Given the respect that Lee commands among leaders in the U.S. and China, his observations about the dynamics between those two countries are of particular interest. He does not subscribe to the declinism that is increasingly common among U.S. commentators, emphasizing America’s regenerative capacities as well as the myriad challenges that China confronts in trying to sustain a robust rate of growth. At the same time, he argues, given China’s historical experience and present momentum, one should not be surprised that it eventually aspires to be the world’s preeminent power. It is accustomed to a Sino-centric international system in which its neighbors pay it tribute, it will soon have the world’s largest economy, and it is making it harder for the U.S. military to operate in the Asia-Pacific.
These trends, among others, have crystallized a strategic competition between the U.S. and China. Unlike most observers, however, Lee was discussing the inevitability of such a competition in the 1990s, when it was common to hear that the dissolution of the Soviet Union had yielded a unipolar international system. In 1993, for example, in an essay for Foreign Affairs, Nicholas Kristof cited Lee’s observation that the international system would have to reconfigure itself to accommodate the China of 30 or 40 years hence. “China,” Lee noted, “is [not] just another big player. This is the biggest player in the history of the world.” Three years later, he ventured that China might be able to contest U.S. preeminence in three decades.
In a nod to his panoramic worldview, Arnaud de Borchgrave dubbed Lee the “Kissinger of the orient” (incidentally, Henry Kissinger has stated on many occasions that no world leader has taught him more than Lee). One of the limitations to that analogy, of course, is that while Kissinger has had the opportunity to shape the foreign policy of the world’s preeminent power, Lee has been constrained to implementing his vision in one of its smallest countries: with an area of 697 square kilometers, Singapore is only about 3.5 times as large as Washington, DC. That he emerged as one of the world’s leading strategic thinkers is further remarkable given his responsibilities; while the leader of a stable, secure, and prosperous country might have more time to contemplate trends in international order, he was consumed with far more exigent tasks: creating a country amidst hostile conditions and then preventing it from collapsing.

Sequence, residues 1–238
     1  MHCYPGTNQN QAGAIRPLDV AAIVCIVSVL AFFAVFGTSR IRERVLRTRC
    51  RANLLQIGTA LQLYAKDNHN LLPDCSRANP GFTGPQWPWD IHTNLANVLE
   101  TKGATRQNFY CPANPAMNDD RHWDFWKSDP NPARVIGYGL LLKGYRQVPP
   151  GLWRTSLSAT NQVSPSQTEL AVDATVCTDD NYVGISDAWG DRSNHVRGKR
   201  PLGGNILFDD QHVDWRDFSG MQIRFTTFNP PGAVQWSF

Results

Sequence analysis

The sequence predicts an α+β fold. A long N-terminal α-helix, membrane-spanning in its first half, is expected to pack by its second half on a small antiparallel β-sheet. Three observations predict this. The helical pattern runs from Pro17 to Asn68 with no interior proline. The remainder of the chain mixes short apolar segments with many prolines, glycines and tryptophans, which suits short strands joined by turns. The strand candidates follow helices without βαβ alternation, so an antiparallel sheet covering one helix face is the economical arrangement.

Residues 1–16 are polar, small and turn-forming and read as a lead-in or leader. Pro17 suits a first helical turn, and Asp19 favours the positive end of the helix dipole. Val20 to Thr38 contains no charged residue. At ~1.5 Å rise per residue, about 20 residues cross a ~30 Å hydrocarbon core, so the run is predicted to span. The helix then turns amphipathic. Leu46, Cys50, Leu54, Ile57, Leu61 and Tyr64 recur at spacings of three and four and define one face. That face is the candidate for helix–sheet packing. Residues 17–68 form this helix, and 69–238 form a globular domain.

Given the gravity of those tasks, it is not surprising that Lee has grown accustomed to speaking honestly, succinctly, and forcefully—not as an idle provocateur, but as one who believes that candor is essential to developing prudent policies. In a January 1950 address to Malay students in England, he stated that “between platitudes and personal convictions…it is my duty to state my convictions vigorously,” and warned against “ignoring unpalatable facts and avoiding unpleasant controversy.”
It is doubtful that any observer would agree with all of Lee’s judgments (indeed, he would probably be disappointed if one did), especially concerning governance. Given his success in modernizing Singapore as well as his criticisms of democratic excess—he famously argued in 1992 that the “exuberance of democracy leads to undisciplined and disorderly conditions which are inimical to development”—he is often characterized as an enlightened authoritarian who advocates “Asian values.” He is not, however, a reflexive supporter of the “Beijing Consensus”: essentially, a fusion of authoritarian governance, state capitalism, and incremental reforms. Indeed, Lee increasingly discusses the challenges that the information revolution will pose to Chinese governance. Above all, then, he is not an ideologue, but a pragmatist: he does not see governance as the process of executing policy in accordance with principles, but rather, of developing principles by using trial and error to determine which policies work. This judgment will doubtlessly frustrate those who believe that certain values are intrinsically superior, even universal; given the challenges that presently confront both East and West, however, it has much to recommend it.
Ali Wyne is an associate of the Harvard Kennedy School’s Belfer Center for Science and International Affairs and a contributing analyst at Wikistrat.